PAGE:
Protect your beautiful carrotsPosted By: rocket veg Category: Growing Veg, Pests and Diseases
How to recognise signs of carrot fly damage
When you pull the first carrots from the row of beautiful plants and, to your utter dismay, find that the roots are riddled with brown-edged tunnels, you will know that the carrot fly has been hard at work. Just to confirm the worst, you might even spot one of the elongated, creamy coloured maggots which have done the damage as they eat their way through the tender flesh.
Carrot flies are tiny, black insects whose lifecycle begins when the adult fly lays its eggs in the developing foliage of carrots, sometimes targeting celeriac, celery, parsnips and parsley. Before the crop is lifted, tell-tale signs of carrot fly infestation appear as brown rings around the top of the root from where the foliage grows, but the real damage is taking place underground. No method will guarantee protection from carrot fly, but a combination of these suggestions should help.
Erect a barrier
Carrot flies stay low to the ground as they fly in search of somewhere to lay their eggs. For this reason, erecting a physical barrier around specific crops is a good start and sowing carrots in a raised bed with high sides might even do the trick. Where space is limited, try sowing carrots in an old bucket.
Cover your crops
Horticultural fleece is a boon to gardeners and one of its many uses is for protecting crops from pests such as carrot fly attack. Mesh works too, allowing more sunlight to reach the plants than fleece, but it needs to be fine enough to prevent the tiny carrot flies from getting through.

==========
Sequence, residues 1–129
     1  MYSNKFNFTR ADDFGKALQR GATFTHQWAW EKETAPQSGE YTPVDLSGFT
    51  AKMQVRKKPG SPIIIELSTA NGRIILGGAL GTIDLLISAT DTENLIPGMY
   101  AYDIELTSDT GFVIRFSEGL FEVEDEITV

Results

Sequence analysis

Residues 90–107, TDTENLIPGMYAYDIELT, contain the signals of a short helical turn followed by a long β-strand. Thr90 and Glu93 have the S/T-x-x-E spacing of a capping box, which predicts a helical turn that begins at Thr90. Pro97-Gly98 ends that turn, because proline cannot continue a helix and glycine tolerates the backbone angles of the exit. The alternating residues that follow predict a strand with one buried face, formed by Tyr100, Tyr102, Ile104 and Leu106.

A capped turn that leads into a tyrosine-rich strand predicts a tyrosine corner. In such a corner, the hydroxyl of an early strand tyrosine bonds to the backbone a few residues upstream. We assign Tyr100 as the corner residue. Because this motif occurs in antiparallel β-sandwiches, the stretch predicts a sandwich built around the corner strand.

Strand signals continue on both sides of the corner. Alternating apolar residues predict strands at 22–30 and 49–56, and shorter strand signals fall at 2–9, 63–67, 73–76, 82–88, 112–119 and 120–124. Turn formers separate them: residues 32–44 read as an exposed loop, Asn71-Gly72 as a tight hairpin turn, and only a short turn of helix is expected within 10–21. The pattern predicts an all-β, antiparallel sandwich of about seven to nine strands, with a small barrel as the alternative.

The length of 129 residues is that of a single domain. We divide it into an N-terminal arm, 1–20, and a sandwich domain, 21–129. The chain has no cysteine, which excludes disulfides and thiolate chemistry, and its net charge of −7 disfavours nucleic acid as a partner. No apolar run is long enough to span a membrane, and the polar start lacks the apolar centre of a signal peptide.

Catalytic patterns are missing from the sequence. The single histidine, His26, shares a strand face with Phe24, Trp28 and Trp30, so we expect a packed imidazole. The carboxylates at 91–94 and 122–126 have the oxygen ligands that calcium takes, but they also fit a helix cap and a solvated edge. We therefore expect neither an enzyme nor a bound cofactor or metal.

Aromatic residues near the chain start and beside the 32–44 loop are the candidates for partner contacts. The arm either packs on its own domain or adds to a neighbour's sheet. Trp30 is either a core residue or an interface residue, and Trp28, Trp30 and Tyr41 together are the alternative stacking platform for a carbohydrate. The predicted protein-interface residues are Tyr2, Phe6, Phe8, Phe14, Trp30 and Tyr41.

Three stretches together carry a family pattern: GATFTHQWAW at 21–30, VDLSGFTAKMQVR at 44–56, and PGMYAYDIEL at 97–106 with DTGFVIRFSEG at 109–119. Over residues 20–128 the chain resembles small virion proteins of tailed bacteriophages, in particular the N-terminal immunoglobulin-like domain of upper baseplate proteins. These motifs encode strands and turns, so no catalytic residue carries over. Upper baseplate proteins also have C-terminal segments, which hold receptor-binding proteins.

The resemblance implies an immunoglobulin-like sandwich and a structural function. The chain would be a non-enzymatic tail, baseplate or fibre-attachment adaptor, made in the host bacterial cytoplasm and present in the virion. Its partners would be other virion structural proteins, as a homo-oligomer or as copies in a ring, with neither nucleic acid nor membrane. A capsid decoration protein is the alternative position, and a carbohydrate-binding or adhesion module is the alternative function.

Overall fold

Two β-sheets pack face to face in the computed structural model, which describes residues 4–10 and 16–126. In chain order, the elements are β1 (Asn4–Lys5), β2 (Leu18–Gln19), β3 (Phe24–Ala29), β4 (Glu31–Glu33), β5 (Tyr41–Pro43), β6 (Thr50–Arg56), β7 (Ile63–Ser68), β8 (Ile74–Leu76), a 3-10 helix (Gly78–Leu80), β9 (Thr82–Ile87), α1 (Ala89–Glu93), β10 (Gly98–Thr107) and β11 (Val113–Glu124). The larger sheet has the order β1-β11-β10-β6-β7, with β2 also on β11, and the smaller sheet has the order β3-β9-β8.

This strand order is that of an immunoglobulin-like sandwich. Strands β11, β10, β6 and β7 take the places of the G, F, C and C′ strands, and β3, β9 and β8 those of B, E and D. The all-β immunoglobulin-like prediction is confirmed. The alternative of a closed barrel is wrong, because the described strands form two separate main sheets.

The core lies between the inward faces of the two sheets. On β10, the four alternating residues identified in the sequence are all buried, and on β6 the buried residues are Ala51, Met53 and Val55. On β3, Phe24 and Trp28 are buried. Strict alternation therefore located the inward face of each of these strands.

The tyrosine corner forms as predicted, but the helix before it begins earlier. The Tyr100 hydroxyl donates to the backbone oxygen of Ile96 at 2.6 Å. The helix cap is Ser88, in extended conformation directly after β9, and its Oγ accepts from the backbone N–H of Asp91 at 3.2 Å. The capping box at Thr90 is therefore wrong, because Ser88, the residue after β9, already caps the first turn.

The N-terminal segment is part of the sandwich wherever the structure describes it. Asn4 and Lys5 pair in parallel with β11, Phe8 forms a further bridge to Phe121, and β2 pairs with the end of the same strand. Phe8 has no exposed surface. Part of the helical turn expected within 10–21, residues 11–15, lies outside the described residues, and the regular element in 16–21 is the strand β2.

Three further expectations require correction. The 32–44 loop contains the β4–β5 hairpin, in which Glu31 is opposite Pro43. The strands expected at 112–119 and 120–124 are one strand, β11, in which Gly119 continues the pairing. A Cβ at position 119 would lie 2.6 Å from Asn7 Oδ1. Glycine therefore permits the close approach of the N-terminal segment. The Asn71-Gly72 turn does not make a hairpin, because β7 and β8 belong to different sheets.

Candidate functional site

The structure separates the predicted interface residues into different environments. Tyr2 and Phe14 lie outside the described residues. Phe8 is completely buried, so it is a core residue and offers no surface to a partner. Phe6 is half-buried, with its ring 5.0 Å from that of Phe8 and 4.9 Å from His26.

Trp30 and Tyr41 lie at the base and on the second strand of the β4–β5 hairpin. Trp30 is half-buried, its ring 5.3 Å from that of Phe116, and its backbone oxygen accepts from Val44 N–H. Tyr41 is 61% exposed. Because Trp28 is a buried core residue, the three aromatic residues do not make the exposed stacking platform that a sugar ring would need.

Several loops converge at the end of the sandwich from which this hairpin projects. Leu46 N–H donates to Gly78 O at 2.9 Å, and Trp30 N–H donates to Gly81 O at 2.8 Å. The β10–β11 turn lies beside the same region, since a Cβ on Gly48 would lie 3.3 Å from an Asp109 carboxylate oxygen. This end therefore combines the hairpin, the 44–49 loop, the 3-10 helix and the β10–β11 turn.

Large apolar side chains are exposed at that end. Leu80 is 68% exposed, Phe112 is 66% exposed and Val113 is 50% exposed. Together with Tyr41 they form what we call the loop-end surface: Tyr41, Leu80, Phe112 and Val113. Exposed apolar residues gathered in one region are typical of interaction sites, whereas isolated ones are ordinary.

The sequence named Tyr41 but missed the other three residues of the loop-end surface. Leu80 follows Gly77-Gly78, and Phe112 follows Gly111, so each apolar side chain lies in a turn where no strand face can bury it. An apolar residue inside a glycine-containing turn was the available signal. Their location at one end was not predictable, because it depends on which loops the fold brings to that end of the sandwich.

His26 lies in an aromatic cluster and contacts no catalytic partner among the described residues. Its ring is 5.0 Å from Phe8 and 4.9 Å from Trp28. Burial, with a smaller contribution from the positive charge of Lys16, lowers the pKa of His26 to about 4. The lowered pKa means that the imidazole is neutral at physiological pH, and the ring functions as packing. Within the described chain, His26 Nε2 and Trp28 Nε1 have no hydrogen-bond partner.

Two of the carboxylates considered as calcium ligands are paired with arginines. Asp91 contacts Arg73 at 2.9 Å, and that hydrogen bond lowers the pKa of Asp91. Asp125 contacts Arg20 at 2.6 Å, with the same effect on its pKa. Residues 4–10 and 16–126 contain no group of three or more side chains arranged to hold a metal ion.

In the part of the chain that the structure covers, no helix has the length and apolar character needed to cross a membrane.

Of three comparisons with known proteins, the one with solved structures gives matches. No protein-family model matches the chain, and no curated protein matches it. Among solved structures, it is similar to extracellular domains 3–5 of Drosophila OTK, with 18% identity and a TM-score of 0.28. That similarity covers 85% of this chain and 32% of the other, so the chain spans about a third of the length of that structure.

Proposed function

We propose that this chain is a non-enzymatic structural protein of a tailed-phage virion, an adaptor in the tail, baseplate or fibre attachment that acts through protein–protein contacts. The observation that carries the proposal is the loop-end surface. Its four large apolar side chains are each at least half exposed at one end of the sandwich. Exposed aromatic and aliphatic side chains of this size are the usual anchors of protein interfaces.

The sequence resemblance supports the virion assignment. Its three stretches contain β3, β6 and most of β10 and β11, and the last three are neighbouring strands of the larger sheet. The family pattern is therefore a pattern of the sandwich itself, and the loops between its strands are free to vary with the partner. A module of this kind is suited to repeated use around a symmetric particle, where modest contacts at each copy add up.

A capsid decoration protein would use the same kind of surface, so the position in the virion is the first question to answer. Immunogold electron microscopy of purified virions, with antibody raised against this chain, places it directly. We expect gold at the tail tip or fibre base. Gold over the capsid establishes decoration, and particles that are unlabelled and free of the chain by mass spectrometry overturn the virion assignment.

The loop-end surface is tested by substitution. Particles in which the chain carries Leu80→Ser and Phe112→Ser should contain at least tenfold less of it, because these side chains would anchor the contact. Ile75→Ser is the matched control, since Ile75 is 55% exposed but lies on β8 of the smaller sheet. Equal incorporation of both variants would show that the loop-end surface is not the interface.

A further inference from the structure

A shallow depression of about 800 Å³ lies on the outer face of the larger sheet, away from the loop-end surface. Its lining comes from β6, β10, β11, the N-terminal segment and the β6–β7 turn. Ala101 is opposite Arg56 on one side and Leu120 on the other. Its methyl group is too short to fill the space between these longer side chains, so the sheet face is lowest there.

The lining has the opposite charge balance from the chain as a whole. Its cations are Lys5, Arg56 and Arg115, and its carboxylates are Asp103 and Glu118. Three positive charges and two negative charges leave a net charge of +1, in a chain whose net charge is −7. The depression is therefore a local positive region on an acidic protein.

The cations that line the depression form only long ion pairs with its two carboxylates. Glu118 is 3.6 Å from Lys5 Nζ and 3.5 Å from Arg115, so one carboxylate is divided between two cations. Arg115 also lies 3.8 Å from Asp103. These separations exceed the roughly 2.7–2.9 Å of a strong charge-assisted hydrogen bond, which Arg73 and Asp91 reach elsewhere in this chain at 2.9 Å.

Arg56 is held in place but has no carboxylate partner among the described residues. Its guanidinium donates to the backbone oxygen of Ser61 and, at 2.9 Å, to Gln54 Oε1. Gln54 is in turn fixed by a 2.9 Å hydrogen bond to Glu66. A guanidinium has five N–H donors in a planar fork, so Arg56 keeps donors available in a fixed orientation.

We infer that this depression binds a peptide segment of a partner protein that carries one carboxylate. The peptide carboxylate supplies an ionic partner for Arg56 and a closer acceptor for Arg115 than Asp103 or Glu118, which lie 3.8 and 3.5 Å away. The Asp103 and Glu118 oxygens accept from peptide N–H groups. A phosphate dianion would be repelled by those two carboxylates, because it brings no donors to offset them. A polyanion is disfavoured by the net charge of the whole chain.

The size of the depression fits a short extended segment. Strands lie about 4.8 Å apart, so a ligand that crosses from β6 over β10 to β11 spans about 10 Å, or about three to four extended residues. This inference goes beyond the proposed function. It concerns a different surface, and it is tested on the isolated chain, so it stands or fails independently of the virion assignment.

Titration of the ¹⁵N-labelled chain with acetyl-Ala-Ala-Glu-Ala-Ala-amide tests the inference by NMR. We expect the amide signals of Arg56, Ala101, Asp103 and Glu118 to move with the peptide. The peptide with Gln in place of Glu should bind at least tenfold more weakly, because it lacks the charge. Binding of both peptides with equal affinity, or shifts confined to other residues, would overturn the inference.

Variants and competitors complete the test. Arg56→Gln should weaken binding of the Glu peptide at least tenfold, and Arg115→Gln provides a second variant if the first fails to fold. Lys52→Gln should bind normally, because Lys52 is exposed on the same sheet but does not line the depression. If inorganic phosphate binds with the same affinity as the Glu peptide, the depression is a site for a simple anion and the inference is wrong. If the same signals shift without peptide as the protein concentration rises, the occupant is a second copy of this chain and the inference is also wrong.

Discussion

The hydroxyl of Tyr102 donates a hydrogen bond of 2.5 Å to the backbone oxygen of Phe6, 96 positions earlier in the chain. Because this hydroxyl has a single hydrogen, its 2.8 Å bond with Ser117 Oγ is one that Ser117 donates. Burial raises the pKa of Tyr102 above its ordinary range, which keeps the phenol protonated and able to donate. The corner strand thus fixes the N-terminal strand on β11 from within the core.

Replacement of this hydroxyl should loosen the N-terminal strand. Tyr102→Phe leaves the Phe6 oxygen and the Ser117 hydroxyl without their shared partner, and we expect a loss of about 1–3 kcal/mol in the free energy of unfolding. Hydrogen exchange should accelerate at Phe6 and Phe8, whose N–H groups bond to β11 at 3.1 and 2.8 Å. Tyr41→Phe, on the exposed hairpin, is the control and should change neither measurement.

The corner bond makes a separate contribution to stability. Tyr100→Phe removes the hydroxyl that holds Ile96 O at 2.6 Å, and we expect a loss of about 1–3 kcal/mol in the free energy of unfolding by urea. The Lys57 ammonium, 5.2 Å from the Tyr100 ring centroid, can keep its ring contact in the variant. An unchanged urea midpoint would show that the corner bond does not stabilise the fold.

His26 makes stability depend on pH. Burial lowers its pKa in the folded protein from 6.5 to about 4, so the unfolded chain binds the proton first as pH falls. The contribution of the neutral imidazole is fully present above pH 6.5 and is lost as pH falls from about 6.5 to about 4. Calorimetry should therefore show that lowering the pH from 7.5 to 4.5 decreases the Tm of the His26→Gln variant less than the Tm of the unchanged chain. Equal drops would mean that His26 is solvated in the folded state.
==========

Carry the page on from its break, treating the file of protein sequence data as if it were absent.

Sow seed thinly
Carrot flies are attracted by the smell given off by young carrot plants, especially when pulled fresh from the soil when thinning out crowded rows of seedlings. To avoid this, sow thinly - which can be tricky as carrot seed is very fine and hard to space along a drill.
Plant garlic or chives nearby
Some gardeners swear by this, the smell given off by garlic and chives masking that of carrots and other crops targeted by carrot fly.
Time the sowing of carrot seed to avoid the fly’s laying season
Carrot flies lay their eggs in two main cycles: late May–June and again in August-September, so carrots sowed late in May miss the first generation of flies and lifting carrots before the end of August avoids the second generation.
Carrot fly resistant varieties to try
These include ‘Flyaway’ and ‘Resistafly’ and although they are claimed to help reduce the risk of fly attack, they don’t provide full resistance.